Slot machines are the most popular form of casino gambling for many reasons. These machines are also the biggest profit center for casinos, which should tell you everything you need to know about playing them.
Casinos offer many game options that are better for you to play than slot machines, but most gamblers don’t understand why. Here are 5 facts based on math about the slot machines that every slots player needs to know.
After you learn these 5 mathematical facts, you might decide that the slot machines aren’t the best option when you’re in the casino.
1 – Random Number Generator Math
A common mistake made by many slots players is assuming that they recognize patterns and/or can time their spins to profit from the random number generator that runs the machine. The casinos actually want you to believe that you can get a edge this way, because it keeps you playing longer and this means that you lose more money.
Modern real money slot machines are complex machines that are more like computers than anything else. They use random number generators to determine the results
for the machine.
What you see on the screen when you take a spin is simply a form of entertainment, and doesn’t have anything to do with whether or not you win. The slot machine runs the random number generator program, a result is determined, and then the result is shown on the screen. The result is usually a sequence of reels spinning.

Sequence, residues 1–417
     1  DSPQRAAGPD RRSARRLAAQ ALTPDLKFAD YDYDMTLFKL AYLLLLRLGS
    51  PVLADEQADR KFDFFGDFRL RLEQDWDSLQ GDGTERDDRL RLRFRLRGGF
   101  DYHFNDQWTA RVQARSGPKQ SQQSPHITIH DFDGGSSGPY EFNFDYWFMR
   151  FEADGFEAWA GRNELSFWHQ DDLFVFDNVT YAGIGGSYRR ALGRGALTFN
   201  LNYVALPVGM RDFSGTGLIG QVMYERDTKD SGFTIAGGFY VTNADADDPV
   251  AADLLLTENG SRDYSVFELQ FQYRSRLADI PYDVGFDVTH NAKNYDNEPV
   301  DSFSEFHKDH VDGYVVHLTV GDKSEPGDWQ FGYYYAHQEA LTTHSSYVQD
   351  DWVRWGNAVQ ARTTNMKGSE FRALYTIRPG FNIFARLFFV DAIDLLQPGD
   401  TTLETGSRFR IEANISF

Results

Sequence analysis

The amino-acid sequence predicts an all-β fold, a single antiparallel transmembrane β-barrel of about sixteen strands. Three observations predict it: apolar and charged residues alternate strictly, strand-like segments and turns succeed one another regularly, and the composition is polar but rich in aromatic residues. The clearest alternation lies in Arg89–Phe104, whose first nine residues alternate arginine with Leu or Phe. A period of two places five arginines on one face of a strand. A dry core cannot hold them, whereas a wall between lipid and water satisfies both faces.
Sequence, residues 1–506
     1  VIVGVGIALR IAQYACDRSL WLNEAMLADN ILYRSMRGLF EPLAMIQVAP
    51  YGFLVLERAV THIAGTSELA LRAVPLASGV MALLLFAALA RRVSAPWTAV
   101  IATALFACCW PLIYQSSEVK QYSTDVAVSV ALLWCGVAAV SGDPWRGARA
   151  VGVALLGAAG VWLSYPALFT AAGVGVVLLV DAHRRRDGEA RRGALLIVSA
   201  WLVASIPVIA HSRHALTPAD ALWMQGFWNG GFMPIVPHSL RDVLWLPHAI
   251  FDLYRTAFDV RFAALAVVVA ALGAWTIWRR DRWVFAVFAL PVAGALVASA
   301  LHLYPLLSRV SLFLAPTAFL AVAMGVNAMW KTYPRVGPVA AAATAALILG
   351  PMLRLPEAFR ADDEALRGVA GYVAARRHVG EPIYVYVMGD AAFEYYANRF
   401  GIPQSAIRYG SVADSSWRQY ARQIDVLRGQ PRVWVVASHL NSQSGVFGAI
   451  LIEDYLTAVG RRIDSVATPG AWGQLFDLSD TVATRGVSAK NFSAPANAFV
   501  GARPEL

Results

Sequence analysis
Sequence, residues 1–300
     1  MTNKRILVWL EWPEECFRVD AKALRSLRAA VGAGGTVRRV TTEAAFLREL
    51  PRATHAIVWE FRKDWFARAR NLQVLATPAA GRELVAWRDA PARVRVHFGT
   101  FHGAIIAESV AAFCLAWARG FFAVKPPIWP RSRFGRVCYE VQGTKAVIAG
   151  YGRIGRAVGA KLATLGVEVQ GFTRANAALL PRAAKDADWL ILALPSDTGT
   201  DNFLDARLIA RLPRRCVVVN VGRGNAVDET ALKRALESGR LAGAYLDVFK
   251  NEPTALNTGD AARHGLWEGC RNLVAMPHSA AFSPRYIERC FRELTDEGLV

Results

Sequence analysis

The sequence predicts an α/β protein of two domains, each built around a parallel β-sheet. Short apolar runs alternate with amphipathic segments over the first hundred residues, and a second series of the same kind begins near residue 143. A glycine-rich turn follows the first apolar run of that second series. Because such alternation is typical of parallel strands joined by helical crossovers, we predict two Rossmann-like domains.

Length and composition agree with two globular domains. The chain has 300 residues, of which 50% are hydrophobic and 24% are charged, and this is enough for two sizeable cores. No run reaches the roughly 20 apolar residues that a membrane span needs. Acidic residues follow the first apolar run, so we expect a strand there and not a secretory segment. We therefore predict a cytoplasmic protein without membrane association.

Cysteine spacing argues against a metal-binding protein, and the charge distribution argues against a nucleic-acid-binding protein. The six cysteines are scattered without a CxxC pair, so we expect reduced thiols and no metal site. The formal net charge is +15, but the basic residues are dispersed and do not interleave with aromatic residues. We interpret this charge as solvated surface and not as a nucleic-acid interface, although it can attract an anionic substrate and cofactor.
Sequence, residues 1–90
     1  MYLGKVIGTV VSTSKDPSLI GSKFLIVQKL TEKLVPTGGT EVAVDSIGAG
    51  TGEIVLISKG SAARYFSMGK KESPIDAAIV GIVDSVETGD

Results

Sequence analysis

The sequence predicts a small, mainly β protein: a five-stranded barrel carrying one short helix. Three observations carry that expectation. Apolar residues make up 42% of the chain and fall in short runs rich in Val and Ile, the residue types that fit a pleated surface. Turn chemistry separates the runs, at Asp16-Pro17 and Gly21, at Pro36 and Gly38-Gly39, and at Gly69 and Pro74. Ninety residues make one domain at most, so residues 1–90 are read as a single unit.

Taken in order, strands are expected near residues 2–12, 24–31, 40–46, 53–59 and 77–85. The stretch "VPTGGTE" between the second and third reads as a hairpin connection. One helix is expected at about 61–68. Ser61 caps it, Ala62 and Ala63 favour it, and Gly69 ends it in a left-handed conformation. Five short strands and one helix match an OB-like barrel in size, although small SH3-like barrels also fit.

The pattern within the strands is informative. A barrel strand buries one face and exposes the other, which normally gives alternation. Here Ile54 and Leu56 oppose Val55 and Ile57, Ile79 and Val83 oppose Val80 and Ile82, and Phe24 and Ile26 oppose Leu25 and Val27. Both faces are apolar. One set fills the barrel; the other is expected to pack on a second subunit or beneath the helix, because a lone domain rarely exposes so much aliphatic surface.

The reason why it’s impossible to see patterns or time your spins is because modern random number generators can cycle through millions of numbers every minute. This means that it’s cycling through thousands of numbers every second. The human mind and body simply can’t react fast enough to find any value in this situation.
2 – Near Miss Danger
Slot machine builders and the casinos want machines that keep gamblers spinning the reels as much as possible. Many different tricks have been developed over the years to make you play more.
One of the worst tricks for slot machine players is when the reels appear to just miss a winning combination. The result is the same as any other losing spin, but psychologically it tries to trick you into getting a little rush thinking about how close you came to winning.
When you play slots games, train yourself to ignore the reels and focus only on the results. You either win or lose, and the reels don’t have anything to do with the result. You learned in the first section that the results are determined first, and then the reels show the results.